Grand Cayman

Genteel British culture and laid-back Caribbean attitude combine on Grand Cayman to make an unforgettable vacation destination for guests of Royal Holiday Cruises. While the windswept island itself is flat and scrubby, Royal Holiday Cruises visitors will soon discover that the island’s real treasures lie in the easy-going island culture as well as beneath the turquoise waters, where exotic fish swim among spectacular corals.

Seven Mile Beach

Perhaps Grand Cayman’s most famous attraction, Seven Mile Beach draws tourists from all over the world to experience is powdery white sand, fantastic snorkeling, and exciting beach culture. Most of Grand Cayman’s resort entertainment is concentrated along this long stretch of beautiful sand, surf, and sun.

Stingray City

A network of shallow sandbars in Grand Cayman’s North Sound, Stingray City is a place where thousands of southern stingrays congregate in the warm waters. Here, Royal Holiday Cruises members can float among the gentle creatures, and even feed them by hand.

Pedro St. James Castle

Located on a scenic sea cliff, Pedro St. James Castle was built in 1780 and is Grand Cayman’s oldest existing structure. Formerly a residence and then a jail, Pedro St. James has been faithfully restored, including mahogany flooring, grand verandas, and period fixtures. The building has a gorgeous vista over the Caribbean, and sits on eight acres of beautiful native plant gardens.

Cracked Conch

Elegantly designed and beautifully situated, the upscale Cracked Conch restaurant serves innovative seafood dishes with a delicious Caribbean flair. With its views from the multi-tiered patio and tiki bar, this popular establishment is a true Caribbean treat for Royal Holiday Cruises guests.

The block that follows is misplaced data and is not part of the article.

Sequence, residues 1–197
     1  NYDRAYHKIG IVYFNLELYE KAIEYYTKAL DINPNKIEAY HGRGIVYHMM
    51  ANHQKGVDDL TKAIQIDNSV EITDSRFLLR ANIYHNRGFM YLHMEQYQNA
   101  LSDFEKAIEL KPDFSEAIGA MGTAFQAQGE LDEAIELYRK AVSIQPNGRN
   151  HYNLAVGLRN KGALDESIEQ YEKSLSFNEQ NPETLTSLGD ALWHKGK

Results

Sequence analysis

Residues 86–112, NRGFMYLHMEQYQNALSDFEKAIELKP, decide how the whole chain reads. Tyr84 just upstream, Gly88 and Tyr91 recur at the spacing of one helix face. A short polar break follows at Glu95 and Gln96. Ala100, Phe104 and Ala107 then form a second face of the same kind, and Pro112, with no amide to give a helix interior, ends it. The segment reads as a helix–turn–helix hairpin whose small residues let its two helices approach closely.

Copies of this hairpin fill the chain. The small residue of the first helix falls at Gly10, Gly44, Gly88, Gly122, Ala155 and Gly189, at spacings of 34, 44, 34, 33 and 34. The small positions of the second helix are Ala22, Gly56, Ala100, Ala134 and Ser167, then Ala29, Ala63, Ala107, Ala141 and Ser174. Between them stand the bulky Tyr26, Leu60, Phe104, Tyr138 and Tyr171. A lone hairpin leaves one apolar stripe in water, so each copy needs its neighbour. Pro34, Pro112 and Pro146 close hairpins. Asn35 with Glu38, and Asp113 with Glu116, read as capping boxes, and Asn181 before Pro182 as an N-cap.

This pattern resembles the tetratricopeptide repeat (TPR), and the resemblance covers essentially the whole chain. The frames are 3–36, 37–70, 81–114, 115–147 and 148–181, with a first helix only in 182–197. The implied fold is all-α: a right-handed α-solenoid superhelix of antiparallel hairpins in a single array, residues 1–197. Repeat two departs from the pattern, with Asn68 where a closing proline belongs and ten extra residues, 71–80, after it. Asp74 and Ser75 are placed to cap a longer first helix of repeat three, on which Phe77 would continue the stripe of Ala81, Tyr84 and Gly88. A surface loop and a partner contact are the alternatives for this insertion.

Queen Elizabeth II Botanic Park

Host to a number of different display gardens, wilderness preservation areas, trails, and other features, the 65-acre Queen Elizabeth II Botanic Park showcases native flowers, plants, and fauna. Walking along the Woodland Trail, Royal Holiday Cruises visitors will see species from every type of environment on Grand Cayman, including protected blue iguanas, which are unique to the island.

National Gallery

As a major forum for artistic interaction and dialog on Grand Cayman, the National Gallery focuses on highlighting traditional crafts of the islands, as well as the works of Caymanian artists. The National Gallery also often hosts international exhibits, extensive public outreach programs, and high-profile multimedia shows every year, thus making it a true cultural epicenter of the Cayman Islands.

Camana Bay Observation Tower

A double-spiral staircase winds elegantly to the top of the 75-foot Camana Bay Observation Tower, where Royal Holiday Cruises visitors can take in a panoramic view of the Grand Cayman island. Its gorgeous, aquatic-themed mosaics make this tower a truly unique Cayman sight.

Cayman Turtle Farm

Hosting over half a million visitors annually, the Cayman Turtle Farm is one of the island’s biggest attractions. The Farm serves as a major conservation project for green sea turtles, a nature park, and a producer of commercial turtle products.

Cayman Islands National Museum

The clapboard building that today houses the National Museum once served as a residence, dance hall, and jail. Today, the lower floor of the Museum hosts an overview of the ecologies of Grand Cayman, while the upper floor showcases cultural and historical exhibits.


Kitschy yet beautiful, surreal Hell is a place where visitors can view weird, shard-like geological formations amid a carnival of vendors and souvenir shops. The free admission and mystifying view from the observation deck make this favorite stop for Royal Holiday Cruises tourists.